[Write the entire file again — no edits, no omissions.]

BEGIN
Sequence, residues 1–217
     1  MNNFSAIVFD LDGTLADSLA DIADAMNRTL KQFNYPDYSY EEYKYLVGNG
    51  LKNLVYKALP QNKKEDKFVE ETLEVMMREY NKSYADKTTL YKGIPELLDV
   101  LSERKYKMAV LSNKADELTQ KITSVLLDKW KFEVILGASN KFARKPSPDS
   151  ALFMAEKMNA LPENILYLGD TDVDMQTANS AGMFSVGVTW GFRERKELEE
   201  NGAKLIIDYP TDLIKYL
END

Sequence, residues 1–217
     1  MNNFSAIVFD LDGTLADSLA DIADAMNRTL KQFNYPDYSY EEYKYLVGNG
    51  LKNLVYKALP QNKKEDKFVE ETLEVMMREY NKSYADKTTL YKGIPELLDV
   101  LSERKYKMAV LSNKADELTQ KITSVLLDKW KFEVILGASN KFARKPSPDS
   151  ALFMAEKMNA LPENILYLGD TDVDMQTANS AGMFSVGVTW GFRERKELEE
   201  NGAKLIIDYP TDLIKYL